I have previously written about the new technology that allows musicians to just sit home in front of a computer and create songs. To understand the best songs in the world, you must understand how they are done and that is far from doing everything yourself.
Today you can easily do a song a week (I bet some think they can do a song a day) get it online and send it out to all the corners of the world. A bit like just throwing it against the wall to see if it sticks.
I got into this fun conversation on Submithub the other day. I got a very mediocre song sent to me. It’s a party progressive rock with supposedly uplifting lyrics. For me, it sounded like Christian rock that you hear in bad elevators in Texas. Just the intro of the song was like thirty-five seconds with just a guitar the whole time. I was already bored at ten seconds. Since I am required to send feedback on Submithub I wrote the following:
“The intro is a bit too long it takes almost 30 sec before something happens. The hook is not strong enough.”
Since I’m nice enough to also let the artist respond, I got this response.
“Lol ok, thanks. Curators who don't bother listening to half of the song don't get future submissions and credits.”
In fact, the song is four minutes long, but sitting listening to a song that doesn’t hit you for two minutes just to reject it won’t do. Like I wrote I got tired after ten seconds I guess the average listener just skipped it after five seconds. At the same time if you want me to listen longer there is an option on Submithub for that. You can force us to listen for 90 seconds but then we don’t need to write a comment. I can say though that it doesn’t help to force people to listen to songs they don’t like. I hate to listen to songs when the artist is in the room, like during demo sessions or speed meetings. You get forced to listen to something and you can already after 20 seconds hear that this leads to nowhere. Still, you have to sit there and painfully listen just because the artist thinks that you can get to like a song.
You can actually force a bad song upon a person. In college, we had a parade, and when we built all the wagons for the parade we had two parade-building songs. They just took annoying songs and then for the whole week they played those two songs on repeat. With so many repeats after a while you start to like them, it’s the Stockholm Syndrome of music. The problem with this it never works in the real world. But I guess this is the thought of the artists that want to sit down and force you to listen to their music.
Back to my artist on Submithub. Trying to threaten that he won’t send songs and that not get paid is just stupid. I will rather be without the crap songs. So I wrote this response:
“Just take that we need to listen 90 seconds you get that. The problem is that a curator can judge a song pretty fast and keep on listening to a song you already know has no chance won’t make you choose it. Also, studies show that today's audience gets bored if nothing happens within 8 sec due to the media climate, so that is a tipoff. Songs closer to 4 minutes are harder to place on the radio because of programming, another tipoff. But here's the reason why not taking the song it’s mediocre. No technical changes will help. We are not here for the credit, if there was a way to get the best songs direct, I would easily go for free. As it is now, I have to go through hundreds of mediocre or bad songs to find one that fits. We do this to give indie artists a chance. If we really didn’t bother then we would just take the submits from the big PR agencies.”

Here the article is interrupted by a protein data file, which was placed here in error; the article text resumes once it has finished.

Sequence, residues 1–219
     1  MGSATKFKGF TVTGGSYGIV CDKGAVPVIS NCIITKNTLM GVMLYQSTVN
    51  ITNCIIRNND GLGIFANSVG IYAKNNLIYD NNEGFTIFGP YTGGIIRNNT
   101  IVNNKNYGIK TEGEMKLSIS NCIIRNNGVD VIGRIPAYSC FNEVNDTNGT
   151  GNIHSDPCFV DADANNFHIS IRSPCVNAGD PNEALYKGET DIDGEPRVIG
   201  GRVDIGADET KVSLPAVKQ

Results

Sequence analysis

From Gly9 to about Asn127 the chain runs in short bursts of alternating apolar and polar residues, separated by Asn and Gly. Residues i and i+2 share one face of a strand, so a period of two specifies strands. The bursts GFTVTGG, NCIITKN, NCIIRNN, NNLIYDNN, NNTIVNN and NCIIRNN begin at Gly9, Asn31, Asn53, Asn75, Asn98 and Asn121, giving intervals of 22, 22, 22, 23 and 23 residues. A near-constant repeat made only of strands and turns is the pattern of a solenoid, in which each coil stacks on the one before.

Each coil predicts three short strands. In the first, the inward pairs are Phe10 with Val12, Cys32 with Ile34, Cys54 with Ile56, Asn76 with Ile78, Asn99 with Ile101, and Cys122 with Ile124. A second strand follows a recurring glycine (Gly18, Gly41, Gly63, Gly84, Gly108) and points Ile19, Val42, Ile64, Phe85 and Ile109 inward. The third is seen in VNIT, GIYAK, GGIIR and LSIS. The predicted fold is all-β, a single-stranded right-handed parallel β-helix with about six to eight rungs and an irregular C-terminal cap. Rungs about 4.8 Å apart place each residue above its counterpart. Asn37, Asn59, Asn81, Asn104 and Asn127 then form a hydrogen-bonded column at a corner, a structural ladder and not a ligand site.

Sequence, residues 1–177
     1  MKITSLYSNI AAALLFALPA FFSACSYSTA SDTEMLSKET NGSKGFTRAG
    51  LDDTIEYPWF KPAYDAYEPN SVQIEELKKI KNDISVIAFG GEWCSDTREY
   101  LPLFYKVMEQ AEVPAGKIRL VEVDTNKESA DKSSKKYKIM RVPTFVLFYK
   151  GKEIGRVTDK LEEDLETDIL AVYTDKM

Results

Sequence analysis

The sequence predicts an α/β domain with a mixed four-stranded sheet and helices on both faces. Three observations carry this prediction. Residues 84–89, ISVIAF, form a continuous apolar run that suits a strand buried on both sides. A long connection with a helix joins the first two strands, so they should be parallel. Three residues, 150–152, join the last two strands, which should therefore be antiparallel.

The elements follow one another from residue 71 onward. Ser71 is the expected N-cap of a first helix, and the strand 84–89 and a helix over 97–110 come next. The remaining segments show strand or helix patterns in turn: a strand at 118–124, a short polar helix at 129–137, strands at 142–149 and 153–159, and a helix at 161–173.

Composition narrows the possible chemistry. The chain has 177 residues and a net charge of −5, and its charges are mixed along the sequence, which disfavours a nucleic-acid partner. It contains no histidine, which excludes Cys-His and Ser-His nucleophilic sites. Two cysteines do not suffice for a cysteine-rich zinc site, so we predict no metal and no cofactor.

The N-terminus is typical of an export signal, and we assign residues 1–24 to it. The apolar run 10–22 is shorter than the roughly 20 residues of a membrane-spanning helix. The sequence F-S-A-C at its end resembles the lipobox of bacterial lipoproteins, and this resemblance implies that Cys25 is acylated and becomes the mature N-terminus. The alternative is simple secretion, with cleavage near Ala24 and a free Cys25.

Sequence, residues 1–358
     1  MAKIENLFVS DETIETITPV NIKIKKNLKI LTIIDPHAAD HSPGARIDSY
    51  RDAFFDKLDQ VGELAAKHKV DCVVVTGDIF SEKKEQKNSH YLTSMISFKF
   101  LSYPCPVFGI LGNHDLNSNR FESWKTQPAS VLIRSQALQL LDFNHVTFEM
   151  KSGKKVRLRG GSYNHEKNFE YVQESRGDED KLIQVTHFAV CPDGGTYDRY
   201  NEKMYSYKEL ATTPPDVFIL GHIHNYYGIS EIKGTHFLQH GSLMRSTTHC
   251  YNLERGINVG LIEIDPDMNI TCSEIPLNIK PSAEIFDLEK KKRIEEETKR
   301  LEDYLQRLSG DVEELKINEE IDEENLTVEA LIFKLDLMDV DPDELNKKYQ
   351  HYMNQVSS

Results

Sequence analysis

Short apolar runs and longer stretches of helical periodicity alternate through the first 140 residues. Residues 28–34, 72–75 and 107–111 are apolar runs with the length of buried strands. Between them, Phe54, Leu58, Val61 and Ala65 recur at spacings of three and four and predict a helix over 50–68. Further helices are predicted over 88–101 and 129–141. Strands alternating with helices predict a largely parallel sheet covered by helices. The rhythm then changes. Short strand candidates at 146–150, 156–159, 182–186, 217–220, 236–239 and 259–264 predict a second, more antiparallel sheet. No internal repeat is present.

This is what is lacking today. The artists don’t get that when the great classics were written there was something called writing and then rewriting. The song went through the rehearsal room and several band members came with input. They sometimes even played it live to let the audience take a listen. Then the A&R person at the record label came with input. Then the producer came with input. Then the PR team came with input. Then it was released. Sure, many original ideas were thrown away in the process. At the end that is what made a great song, writing and rewriting. And in that, come critics. Today’s artist has a really hard time handling these critics. They think the critic is about the production, or that you should change the guitar sound. They even put in on Submithub a way that you can’t criticize the song since so many artists are sensitive. Sorry, part of the game is to handle criticism and understand it and use it in your favor.
If you can’t handle that go back and flip burgers.
Editor’s Note: Peter Åstedt has been working in the music industry for over 35 years. He has started record labels, distribution systems, and publishing companies. Peter also runs several major showcase festivals and is an advisor for INES and co-founder of MusicHelp/Discover Sensation. He has worked with the Top Ten most streamed songs and had music on both the Olympics and Super Bowl. Peter has currently taken up the seat of Station Manager of Cashbox Radio, working with MD, PD and station owner, Sandy Graham. In 2021, he worked as the European Consultant for Heal the Earth – An Earth Day Celebration. His latest venture is a new Showcase Festival in Sweden, Future Echoes futureechoes.se/. Peter is a Managing Partner and Editor of the newly launched Record World International.